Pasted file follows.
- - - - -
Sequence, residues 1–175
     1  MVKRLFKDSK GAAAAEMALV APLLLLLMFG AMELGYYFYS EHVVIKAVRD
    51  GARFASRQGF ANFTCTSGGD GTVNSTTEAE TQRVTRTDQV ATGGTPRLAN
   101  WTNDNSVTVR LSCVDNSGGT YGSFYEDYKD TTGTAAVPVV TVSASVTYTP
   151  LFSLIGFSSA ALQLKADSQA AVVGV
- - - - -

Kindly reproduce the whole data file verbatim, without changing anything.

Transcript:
Sequence, residues 1–175
     1  MVKRLFKDSK GAAAAEMALV APLLLLLMFG AMELGYYFYS EHVVIKAVRD
    51  GARFASRQGF ANFTCTSGGD GTVNSTTEAE TQRVTRTDQV ATGGTPRLAN
   101  WTNDNSVTVR LSCVDNSGGT YGSFYEDYKD TTGTAAVPVV TVSASVTYTP
   151  LFSLIGFSSA ALQLKADSQA AVVGV